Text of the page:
In the pursuit of recovery Tristan formed Science and Sons as a side venture to sate his own creative musings. Science and Sons has since remained the masthead under which the eccentric miscellany of his creative acumen is codified into a palatable format.

The work of Science and Sons aims to elegantly distort and defy the status quo while indulging the overlooked, broken and forgotten.

Think different.

From websites:

iPod Gramophone


Handcrafted entirely of slip-cast ceramic to replicate the curvature and passive amplification of a French horn, this iPod gramophone augments sound from an iPod without requiring auxiliary power or speaker components.

The gramophone projects music using authentic horn acoustics — simply place Apple earbuds on the gramophone's integrated cradles and music channels through the coiled tube and resonates out of the flared bell, resulting in warm, amplified sound up to 55 decibels (near the sound level of laptop computer speakers).


The gramophone is compatible with all iPod models and similar in size to a desk lamp, allowing for use on a nightstand, credenza or desktop.

The unit is best suited for amplifying blues, folk, classical, jazz and other music genres that do not produce heavy base frequencies.

White ceramic with a clear glaze finish.


Includes adapters for earbuds.

20"H x 12"W x 13"D.

10 lbs.


Kind of a post-Steampunk-retro-throwback mashup, what?


July 2, 2008 at 11:01 AM | Permalink | Comments (2) | TrackBack

Notes on the U.S. Olympic Trials


1) The new Speedo LZR swimsuits (above and below) may be superfast but they're also super ugly — dull grey and black with crazy duct tape-like stripes running helter skelter in every direction. Let's hope the Olympics iteration is tarted up and far more eye candy-ish.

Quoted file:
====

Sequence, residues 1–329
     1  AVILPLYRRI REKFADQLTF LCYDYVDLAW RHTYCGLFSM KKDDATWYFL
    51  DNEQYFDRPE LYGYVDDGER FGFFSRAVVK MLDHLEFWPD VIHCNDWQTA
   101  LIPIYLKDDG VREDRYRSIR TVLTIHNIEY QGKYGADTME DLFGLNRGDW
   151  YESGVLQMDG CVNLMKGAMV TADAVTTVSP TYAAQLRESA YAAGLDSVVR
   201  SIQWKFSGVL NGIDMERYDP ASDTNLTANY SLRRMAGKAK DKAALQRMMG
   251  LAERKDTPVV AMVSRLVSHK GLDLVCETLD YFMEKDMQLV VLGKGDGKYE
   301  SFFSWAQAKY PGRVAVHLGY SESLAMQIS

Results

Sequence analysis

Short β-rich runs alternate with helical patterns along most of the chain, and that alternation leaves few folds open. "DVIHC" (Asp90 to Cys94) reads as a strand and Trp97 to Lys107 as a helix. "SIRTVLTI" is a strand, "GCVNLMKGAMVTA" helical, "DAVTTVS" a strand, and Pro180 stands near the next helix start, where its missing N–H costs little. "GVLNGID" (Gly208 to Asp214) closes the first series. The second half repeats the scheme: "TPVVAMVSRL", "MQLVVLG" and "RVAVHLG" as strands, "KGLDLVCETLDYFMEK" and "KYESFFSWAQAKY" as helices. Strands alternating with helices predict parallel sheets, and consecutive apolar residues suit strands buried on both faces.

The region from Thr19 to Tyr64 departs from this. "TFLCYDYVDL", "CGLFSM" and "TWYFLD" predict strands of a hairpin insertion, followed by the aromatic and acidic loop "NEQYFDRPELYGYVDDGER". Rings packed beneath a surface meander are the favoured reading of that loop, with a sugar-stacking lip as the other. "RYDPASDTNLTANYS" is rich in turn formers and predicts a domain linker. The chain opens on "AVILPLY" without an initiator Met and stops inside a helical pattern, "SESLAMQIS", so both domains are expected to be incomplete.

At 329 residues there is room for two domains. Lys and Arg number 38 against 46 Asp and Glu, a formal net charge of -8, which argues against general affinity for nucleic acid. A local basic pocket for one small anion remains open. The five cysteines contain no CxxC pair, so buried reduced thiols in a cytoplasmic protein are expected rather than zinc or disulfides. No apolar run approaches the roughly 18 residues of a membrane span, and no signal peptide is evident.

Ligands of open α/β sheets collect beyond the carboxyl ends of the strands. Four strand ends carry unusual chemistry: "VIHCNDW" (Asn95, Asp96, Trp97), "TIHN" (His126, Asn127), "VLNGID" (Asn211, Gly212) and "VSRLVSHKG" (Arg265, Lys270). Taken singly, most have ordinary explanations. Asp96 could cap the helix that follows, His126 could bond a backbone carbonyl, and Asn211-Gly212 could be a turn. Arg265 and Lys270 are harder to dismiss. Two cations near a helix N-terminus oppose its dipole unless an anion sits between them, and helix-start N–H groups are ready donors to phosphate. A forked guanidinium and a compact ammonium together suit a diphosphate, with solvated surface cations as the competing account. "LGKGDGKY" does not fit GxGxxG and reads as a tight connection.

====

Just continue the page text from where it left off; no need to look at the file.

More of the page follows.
2) Why is it that seemingly every swimming race is a potential world record breaker? Are the new suits that fast? Are the records that soft? I just don't get it.

3) In the past we've heard about how "fast" a pool was when world records fell by the handful. Then how is it that the pool in Omaha, erected in two weeks inside the Qwest arena and scheduled to be dismantled after the trials and moved across the country to a permanent location, is the scene of WR after WR? How can a great pool be thrown up and taken down that easily? Is the party line about fast pools just another urban legend?

4) Why is it that there is so little Olympic Trials programming on TV? An hour of swimming and an hour of track and field max daily just doesn't cut it for me. What with hundreds of channels on both satellite and cable, you'd think one or two could be devoted to just the trials so that sports junkies like me could watch to our hearts' content.

Yeah, the announcers are always telling us to log on to NBCOlympics.com for more coverage but it isn't nearly the same on a computer screen as on a giant flatscreen HDTV.

Maybe in 2012 they'll figure it out, and stream everything to any screen we like, whether it be our iPhone Gen X or our home holographic 3DTV.

5) The track and field announcing and camera work is sensational, tons of up close slo-mo and knowledgeable commentators and analysts. Swimming is horrible, with boring commentary and terrible video, mostly a big camera looking down from the middle of the pool and following all the swimmers back and forth.

What happened to those cameras that move along with the swimmers along the pool, bringing them right into our faces larger than life?


Maybe by Beijing NBC'll figure it out.

July 2, 2008 at 10:01 AM | Permalink | Comments (6) | TrackBack

Stealth Garment Rack


From the website:

    Hang 'N Hide Wall-Mounted Garment Rack

    Hang freshly ironed clothes or create an instant guest closet with a wall-mounted clothes rack

    The Hang 'N Hide wall-mounted clothes rack quickly and easily creates extra space for your clothes.

    Hang it on the wall or the back of a door to provide guests with a convenient place to hang their clothes or place shirts and slacks after they've been pressed.

    Holds up to 17 hangers and folds flat when not in use.

    Made of durable chrome and heavy duty plastic, the rack installs easily with the included hardware.

    A full 25"-wide, it extends 11-1/8" away from the wall when open and magically folds to just 2"-deep when shut.




July 2, 2008 at 09:01 AM | Permalink | Comments (2) | TrackBack